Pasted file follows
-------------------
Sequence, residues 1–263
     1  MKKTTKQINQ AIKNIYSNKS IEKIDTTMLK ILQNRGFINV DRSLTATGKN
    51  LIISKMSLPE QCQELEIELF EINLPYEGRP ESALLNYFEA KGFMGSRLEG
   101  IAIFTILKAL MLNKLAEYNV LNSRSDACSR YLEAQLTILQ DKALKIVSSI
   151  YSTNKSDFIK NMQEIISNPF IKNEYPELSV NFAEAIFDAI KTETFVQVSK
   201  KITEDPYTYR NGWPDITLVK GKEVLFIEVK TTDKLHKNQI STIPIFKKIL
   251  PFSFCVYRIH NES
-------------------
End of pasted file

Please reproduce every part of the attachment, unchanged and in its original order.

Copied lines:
Sequence, residues 1–263
     1  MKKTTKQINQ AIKNIYSNKS IEKIDTTMLK ILQNRGFINV DRSLTATGKN
    51  LIISKMSLPE QCQELEIELF EINLPYEGRP ESALLNYFEA KGFMGSRLEG
   101  IAIFTILKAL MLNKLAEYNV LNSRSDACSR YLEAQLTILQ DKALKIVSSI
   151  YSTNKSDFIK NMQEIISNPF IKNEYPELSV NFAEAIFDAI KTETFVQVSK
   201  KITEDPYTYR NGWPDITLVK GKEVLFIEVK TTDKLHKNQI STIPIFKKIL
   251  PFSFCVYRIH NES